Introduction to Blog

I launched the website and the Blog after having spoken to government officials, political analysts and security experts specializing in South Asian affairs from three continents. The feedback was uniformly consistent. The bottom line is that when Kashmiris are suffering and the world has its own set of priorities, we need to find ways to help each other. We must be realistic, go beyond polemics and demagoguery, and propose innovative ideas that will bring peace, justice and prosperity in all of Jammu and Kashmir.

The author had two reasons to create this blog. First, it was to address the question that was being asked repeatedly, especially, by journalists and other observers in the U.S., U.K., and Canada, inquiring whether the Kashmiri society was concerned about social, cultural and environmental challenges in the valley given that only political upheaval and violence were reported or highlighted by media.

Second, the author has covered the entire spectrum of societal issues and challenges facing Kashmiri people over an 8-year period with the exception of politics given that politics gets all the exposure at the expense of REAL CHALLENGES that will likely result in irreversible degradation in the quality of life and the standard of living for future generations of Kashmiris to come.

The author stopped adding additional material to the Blog once it was felt that most, if not all, concerns, challenges and issues facing the Kashmiri society are cataloged in the Blog. There are over 1900 entries in the Blog and most commentaries include short biographical sketches of authors to bring readers close to the essence of Kashmir. Unfortunately, the 8-year assessment also indicates that neither Kashmiri civil society, nor intellectuals or political leadership have any inclination or enthusiasm in pursuing issues that do not coincide with their vested political agendas. What it means for the future of Kashmiri children and their children is unfathomable. But the evidence is all laid out.

This Blog is a reality check on Kashmir. It is a historical record of how Kashmir lost its way.

Vijay Sazawal, Ph.D.

Thursday, February 19, 2009

Yes, Dal will die!

An editorial in the Kashmir Images makes a compelling case

Yes, Dal will die!

Lot of talk is being made preservation of environment, threats of pollutions, shrinking of Kashmir’s water bodies and threats to the ecological balance. Governments – both State as well as Centre – are pumping lots of money for preservation of Dal Lake. The Lake still continues to die inch by inch and one wonders where the money is going.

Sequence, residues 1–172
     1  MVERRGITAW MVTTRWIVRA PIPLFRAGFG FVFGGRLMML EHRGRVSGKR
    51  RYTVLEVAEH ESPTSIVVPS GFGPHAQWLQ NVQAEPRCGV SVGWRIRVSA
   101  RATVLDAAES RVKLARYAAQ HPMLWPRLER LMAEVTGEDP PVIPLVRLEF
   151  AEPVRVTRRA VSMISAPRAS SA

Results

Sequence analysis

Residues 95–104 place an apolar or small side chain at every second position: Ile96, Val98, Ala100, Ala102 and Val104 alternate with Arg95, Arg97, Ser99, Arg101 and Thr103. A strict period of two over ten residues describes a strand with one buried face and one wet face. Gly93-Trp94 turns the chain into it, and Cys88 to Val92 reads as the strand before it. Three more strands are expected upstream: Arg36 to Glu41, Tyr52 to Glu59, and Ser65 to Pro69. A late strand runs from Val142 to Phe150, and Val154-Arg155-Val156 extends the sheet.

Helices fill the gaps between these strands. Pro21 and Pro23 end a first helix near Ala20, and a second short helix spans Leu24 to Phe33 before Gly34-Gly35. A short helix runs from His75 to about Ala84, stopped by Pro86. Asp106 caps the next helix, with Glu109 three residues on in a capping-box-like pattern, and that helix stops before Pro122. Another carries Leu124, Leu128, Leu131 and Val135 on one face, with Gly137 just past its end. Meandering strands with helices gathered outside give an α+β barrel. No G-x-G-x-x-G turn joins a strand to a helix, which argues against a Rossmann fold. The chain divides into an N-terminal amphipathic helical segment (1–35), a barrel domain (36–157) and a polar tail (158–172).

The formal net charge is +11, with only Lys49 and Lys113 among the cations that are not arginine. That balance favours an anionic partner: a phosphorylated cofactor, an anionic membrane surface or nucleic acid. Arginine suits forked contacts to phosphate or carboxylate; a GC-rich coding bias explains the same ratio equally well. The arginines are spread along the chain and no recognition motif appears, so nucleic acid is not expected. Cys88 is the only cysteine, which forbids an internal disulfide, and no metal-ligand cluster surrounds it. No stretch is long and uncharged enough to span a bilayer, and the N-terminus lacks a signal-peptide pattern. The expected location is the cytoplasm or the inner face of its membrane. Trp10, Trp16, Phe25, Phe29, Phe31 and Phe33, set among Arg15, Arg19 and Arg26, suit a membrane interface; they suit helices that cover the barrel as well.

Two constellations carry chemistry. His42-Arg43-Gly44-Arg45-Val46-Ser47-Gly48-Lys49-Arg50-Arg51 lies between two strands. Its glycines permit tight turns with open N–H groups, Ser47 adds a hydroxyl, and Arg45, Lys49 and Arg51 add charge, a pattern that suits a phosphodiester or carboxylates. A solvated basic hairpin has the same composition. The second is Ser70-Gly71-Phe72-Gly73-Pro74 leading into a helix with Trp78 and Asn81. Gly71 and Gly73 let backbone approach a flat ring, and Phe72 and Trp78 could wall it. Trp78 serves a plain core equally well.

Whenever in Kashmir, Union Water Resource Minister, who claims restoration of Dal’s lost glory is his passion, talks about the Lake telling people how may crores have been spent and are being spend on the project but never tells them that as the digits of Dal budget go up so do the quantity of weeds, dirt and filth that poisons and kills it. Talking about restoration of Dal’s glory has become sort of fashionable, both for media, NGOs and the Government. You have to say something about Dal and you will be seen a genuinely concerned citizen. But unfortunately nobody goes to the roots of the problem.

The Government claims to be launching ‘sustained operations’ for cleaning the Lake but without giving a fig to the real problem. You keep cleaning and pollutants keep on polluting, how will the operation succeed? It seems the Government is taking one step forward and two backwards and the result therefore is anybody’s guess. Government fails to realize that its cleansing operation is less aggressive and potent than the subsequent polluting operation and unless the sources of pollution are taken care of, the Dal will continue to die no matter how many crores are spend in the unfortunate Lake’s name.

As per the records available with State Pollution Control Board (SPCB), 70 per cent of hotels and restaurants along boulevard on the banks of Dal Lake and at tourist resorts Gulmarg and Pahalgam have not sought no objection certificates from SPCB despite the standing orders by the Central Pollution Board under Environment Protection Act. It is pertinent to mention here that seeking of NOC from SPCB is mandatory for all the hotels, restaurants and business establishments under Environment Protection Act. And if such establishments are along the banks of a fragile and dying lake like that of Dal, the NOC becomes more than mandatory. But the figures speak otherwise. These hotels and restaurants are continuously polluting the lake and government watches as a silent spectator. No action has been initiated against any such establishment and thus the Dal Lake continues to remain a dumping ground for sewage of these establishments. The Houseboats too don’t have SPCB NOC and continue to dump all sewage in the dying Dal.

Need of the hour is to look towards this aspect of the problem. Unless the sources of pollution are not taken care of, how could, no matter what amounts of money are sanctioned, Dal Lake be cleaned. Government needs to be practical and instead of making tall claims in speeches and statements, concentrate on the ground realities. In a place while 70 per cent of grade I and grade II hotels and restaurants, not to speak of other smaller establishments including Dhabas, are not having NOC from SPCB, how could government have the cheeks to talk about controlling pollution and saving environment.

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